"Go into the woods as clean as possible and free of human scent," Sims said.
His method is smoke, a method also used by American Indians. He hangs his hunting clothing over a smoldering fire. Deer are accustomed to the smell of fireplace and campfire and do not associate it with humans in the woods.
"Gather some leaves, get a good smolder and smoke yourself up from head to toe," Sims said.
Scented detergents are an alien smell to deer. Brightening detergents create ultraviolet light deer can see and cause the hunter to appear to glow.
Most successful deer hunters stick to a stand.
"There is an old saying about two moving objects. If you are stationary and the deer is moving, he'll eventually come by you," he said.
During the rut, the does are the best indication of the big buck's location, but the buck will not typically travel the well-worn trails created by does. The buck's trail parallel the does'. If there is a deer trail worn to the dirt on a ridge, it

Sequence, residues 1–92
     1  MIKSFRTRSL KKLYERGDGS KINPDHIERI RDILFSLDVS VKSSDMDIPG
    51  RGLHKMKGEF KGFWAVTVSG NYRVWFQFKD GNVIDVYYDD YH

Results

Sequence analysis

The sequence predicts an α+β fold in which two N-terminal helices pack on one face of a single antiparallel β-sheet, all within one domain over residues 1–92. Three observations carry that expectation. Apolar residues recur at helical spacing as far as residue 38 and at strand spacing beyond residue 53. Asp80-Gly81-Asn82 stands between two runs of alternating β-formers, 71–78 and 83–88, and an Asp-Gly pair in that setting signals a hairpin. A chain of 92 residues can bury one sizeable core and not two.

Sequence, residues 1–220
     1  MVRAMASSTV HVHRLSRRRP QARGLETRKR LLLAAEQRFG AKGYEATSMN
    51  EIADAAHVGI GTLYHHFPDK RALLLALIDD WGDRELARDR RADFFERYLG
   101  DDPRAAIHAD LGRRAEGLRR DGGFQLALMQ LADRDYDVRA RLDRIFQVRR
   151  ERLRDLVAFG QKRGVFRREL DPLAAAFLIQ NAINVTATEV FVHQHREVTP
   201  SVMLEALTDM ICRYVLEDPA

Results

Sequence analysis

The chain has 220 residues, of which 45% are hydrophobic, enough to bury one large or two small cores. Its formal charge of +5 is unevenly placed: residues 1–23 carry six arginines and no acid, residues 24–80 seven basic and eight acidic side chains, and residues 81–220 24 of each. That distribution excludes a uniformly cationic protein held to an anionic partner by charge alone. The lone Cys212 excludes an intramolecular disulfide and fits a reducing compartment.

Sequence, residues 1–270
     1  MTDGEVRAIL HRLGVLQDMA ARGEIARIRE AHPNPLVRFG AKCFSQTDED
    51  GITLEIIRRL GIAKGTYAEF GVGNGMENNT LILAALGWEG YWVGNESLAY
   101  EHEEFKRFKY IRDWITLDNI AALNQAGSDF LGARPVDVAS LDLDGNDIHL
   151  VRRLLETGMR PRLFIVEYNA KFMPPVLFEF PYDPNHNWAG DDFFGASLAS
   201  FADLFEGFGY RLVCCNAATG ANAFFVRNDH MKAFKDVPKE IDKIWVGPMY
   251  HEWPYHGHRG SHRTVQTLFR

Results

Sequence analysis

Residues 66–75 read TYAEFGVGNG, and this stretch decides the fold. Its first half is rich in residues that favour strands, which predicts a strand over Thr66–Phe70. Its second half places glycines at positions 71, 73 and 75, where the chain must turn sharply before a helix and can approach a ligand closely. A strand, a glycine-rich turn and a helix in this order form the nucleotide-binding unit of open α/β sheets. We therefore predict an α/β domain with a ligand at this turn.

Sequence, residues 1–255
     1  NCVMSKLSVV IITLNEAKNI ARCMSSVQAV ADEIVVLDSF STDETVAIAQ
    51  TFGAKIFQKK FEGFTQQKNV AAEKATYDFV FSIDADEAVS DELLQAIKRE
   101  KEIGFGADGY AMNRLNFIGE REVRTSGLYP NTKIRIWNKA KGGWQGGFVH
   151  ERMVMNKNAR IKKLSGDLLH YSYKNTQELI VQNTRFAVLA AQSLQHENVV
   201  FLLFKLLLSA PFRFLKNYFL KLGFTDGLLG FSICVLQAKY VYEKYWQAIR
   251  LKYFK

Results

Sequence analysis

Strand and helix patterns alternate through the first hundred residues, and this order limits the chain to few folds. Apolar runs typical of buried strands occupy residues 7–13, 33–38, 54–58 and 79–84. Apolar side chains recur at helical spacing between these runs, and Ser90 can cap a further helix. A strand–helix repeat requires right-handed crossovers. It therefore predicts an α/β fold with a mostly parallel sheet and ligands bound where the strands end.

Page 2 of 3 - is probably a doe trail and the buck's trail will be more faint, likely lower in the hollow.
Morning hunters should stick to the ridges, according to Sims. Thermal updrafts carry scent upward. Hunters in the hollow may give away their presence due to atmospheric pressure.
"Thermals rise in the morning. It's always best to hunt high in the mornings," he said.
Conversely, later in the day the air tends downward, so the hunter in the hollow is not as likely to spook a deer by scent if he is down in the hollow and the deer are higher.